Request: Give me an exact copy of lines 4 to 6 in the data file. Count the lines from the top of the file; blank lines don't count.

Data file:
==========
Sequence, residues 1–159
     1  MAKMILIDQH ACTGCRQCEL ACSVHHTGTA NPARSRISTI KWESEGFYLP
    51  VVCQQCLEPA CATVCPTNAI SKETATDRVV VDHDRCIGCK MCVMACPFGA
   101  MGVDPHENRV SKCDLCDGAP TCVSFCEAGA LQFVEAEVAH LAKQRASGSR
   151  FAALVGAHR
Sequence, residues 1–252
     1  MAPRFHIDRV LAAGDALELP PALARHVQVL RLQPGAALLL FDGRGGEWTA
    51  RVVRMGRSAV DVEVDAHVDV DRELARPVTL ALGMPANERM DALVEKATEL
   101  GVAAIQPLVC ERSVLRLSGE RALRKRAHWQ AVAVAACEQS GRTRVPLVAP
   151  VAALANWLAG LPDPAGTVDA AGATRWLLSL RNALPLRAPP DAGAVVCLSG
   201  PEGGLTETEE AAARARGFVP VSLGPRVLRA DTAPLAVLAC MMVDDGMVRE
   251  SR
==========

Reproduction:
   101  MGVDPHENRV SKCDLCDGAP TCVSFCEAGA LQFVEAEVAH LAKQRASGSR
   151  FAALVGAHR
Sequence, residues 1–252